Secular Stock Bear vs. Secular Gold Bull


Since March 2000, the stock market has been and continues to be in a secular bear market. Beginning in March 2009, the stock market entered another cyclical bull market. . .the current market is in a relatively short-term bull rally.

Since March of 2000, the stock market has been and continues to be in a secular bear market. Beginning in March of 2009, the stock market entered another cyclical bull market.

This means our current stock market is in a relatively short term bull rally within a much longer term secular bear market decline. A really big bear market rally, so to speak.

This cyclical bull will serve to separate the second phase of the secular bear from the third and potentially most damaging leg down in the ongoing long-term bear market.

Now that doesn't mean the rally since March 2009 is finished. Obviously it isn't, as most indexes have recently moved to new highs.

What it does mean is that one can't make a timing mistake and expect to be rescued by the secular trend.

At some point this bull is going to expire and we are going to head back down and break the SP500 lows at 666, either nominally or on an inflation-adjusted basis. I suspect it will be both.

The reason it's going to do that is simply because we don't have a fundamental driver in place to power a long-term bull market and the Fed's attempts to defeat the bear are actually just magnifying and prolonging the structural problems.

For instance, from 1982 to 2000, the stock market was in a secular bull market. The fundamental driver for that bull was the personal computer and the internet. Those were world changing new technologies. Millions and millions of jobs were created during this period.

There were certainly nasty corrections during the secular bull, for which 1987 is an example. But the secular trend was up.

So as long as one was willing to hold onto positions, anyone buying the S&P no matter how poorly timed, would eventually end up with a winning trade.

Simply said, only traders can lose in a secular bull market. Buying high and selling for a loss is the only strategy that can produce negative returns in a long-term bull.

On the other hand a buy-and-hold strategy is a sure fire money maker in a long-term bull.

The problem with the stock market since 2000 is that there is no longer a fundamental driver to produce a long-term bull market. We haven't discovered the next "big thing" yet.Until the next world-changing technology is developed and comes online all we are going to get are phony cyclical bull markets built on a fundamental base of money printing. And that is not the kind of fundamentals that can support a sustainable long-term bull market.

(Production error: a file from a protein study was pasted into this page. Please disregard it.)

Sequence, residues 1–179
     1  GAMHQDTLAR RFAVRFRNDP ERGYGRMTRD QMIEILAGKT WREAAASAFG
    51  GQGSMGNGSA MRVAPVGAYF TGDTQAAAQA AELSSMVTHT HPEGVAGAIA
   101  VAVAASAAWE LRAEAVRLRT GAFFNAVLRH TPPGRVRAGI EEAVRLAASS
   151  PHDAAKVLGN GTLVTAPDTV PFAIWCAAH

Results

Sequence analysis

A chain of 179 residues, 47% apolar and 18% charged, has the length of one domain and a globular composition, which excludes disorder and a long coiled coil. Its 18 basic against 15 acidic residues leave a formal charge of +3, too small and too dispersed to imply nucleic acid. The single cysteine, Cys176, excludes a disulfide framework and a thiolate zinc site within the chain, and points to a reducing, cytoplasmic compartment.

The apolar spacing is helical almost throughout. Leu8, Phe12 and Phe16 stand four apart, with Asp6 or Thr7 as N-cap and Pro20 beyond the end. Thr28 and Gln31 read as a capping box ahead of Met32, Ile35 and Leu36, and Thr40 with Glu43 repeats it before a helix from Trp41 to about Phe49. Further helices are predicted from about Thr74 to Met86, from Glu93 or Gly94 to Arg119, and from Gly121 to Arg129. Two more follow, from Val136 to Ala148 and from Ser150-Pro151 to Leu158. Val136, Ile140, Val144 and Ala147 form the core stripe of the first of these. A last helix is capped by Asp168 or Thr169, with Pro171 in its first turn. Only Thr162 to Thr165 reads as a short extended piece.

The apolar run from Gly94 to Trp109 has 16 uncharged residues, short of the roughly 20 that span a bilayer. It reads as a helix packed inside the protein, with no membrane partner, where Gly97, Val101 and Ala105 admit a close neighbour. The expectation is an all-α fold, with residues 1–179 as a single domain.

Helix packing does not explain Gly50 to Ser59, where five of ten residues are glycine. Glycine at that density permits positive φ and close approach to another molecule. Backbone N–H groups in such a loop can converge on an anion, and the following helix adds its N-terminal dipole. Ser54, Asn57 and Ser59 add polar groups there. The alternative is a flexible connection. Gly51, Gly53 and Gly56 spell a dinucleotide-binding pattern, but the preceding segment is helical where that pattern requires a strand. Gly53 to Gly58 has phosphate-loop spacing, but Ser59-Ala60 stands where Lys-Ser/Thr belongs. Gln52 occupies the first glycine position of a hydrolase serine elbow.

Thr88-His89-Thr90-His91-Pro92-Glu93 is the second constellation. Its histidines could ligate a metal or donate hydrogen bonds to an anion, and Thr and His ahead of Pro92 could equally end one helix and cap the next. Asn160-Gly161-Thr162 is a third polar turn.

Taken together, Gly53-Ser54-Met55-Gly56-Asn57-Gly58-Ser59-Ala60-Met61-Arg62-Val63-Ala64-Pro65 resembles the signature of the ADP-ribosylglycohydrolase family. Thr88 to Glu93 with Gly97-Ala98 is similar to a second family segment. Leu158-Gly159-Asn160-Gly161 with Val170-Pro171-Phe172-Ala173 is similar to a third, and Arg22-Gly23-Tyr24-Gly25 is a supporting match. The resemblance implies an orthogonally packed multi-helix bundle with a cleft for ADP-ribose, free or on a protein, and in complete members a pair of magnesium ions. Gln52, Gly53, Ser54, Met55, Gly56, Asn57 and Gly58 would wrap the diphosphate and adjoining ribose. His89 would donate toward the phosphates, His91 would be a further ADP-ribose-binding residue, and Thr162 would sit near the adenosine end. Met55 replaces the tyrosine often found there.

So what happens? Well, eventually the false fundamentals fail and the market collapses. And all the jobs produced during the false economic expansion evaporate. A recent example is all the construction and finance jobs that disappeared as the real estate and credit bubbles burst.

The Fed is now at it again trying to build another bull market on a fundamental base of nothing more than trillions of dollars of liquidity (printing money out of thin air). It didn't succeed when Greenspan tried it in the last decade, and it's not going to succeed for Bernanke in this decade.

Until we get the next fundamental driver (i.e. personal computers & internet 1982-2000, electronics 1945-66, automobile and mass production 1920-29, trains in the late 1800s) we are not going to see another secular bull market for stocks.

There is a sector however that flourishes on a fundamental base of money printing. That sector is the commodity sector, in general, and the precious metals, specifically.

Gold is in a secular long-term bull market. This means several things.

First off, we can expect this bull to continue until 1.) The fundamental driver is taken away. This means the printing presses have to be turned off and 2.) We see a final blow off top as the public panics into what they perceive as a "sure" thing. Until the secular gold bull tops any entry will ultimately turn out to be a winning position no matter how poorly timed as long as one is willing to hold on. Investors would do well to remember that the secular bull will eventually correct any timing mistakes.

A buy-and- hold strategy is the only sure fire way to make money in a long-term bull. It's not the only way but it is the one that is virtually guaranteed to return tremendous profits.

That being said, it is possible to maximize gains and minimize draw downs if one can recognize where gold is in its wave cycle. As all of the gains occur during a C-wave advance one wants to be fully invested during this period.

Just as importantly one needs to recognize when the C-wave is coming to an end and exit positions before gold enters the inevitable D-wave correction.

At the moment gold may or may not be entering a second leg up in the ongoing C-wave that began in April of last year.

I will be monitoring the gold market closely over the next few weeks for the confirmations that should determine if gold is going to deliver one more leg up. If a second leg does develop, we then need to be on the lookout for the signs that a final top is approaching and exit positions ahead of the D-wave correction.

The Gold Scents premium service provides a daily email update on the stock market, dollar and commodity markets as well as a comprehensive weekend report that includes Excel spreadsheets of historical and current C.O.T. data for numerous stock indexes and commodities with special emphasis on detailed analysis of the ongoing secular gold bull.

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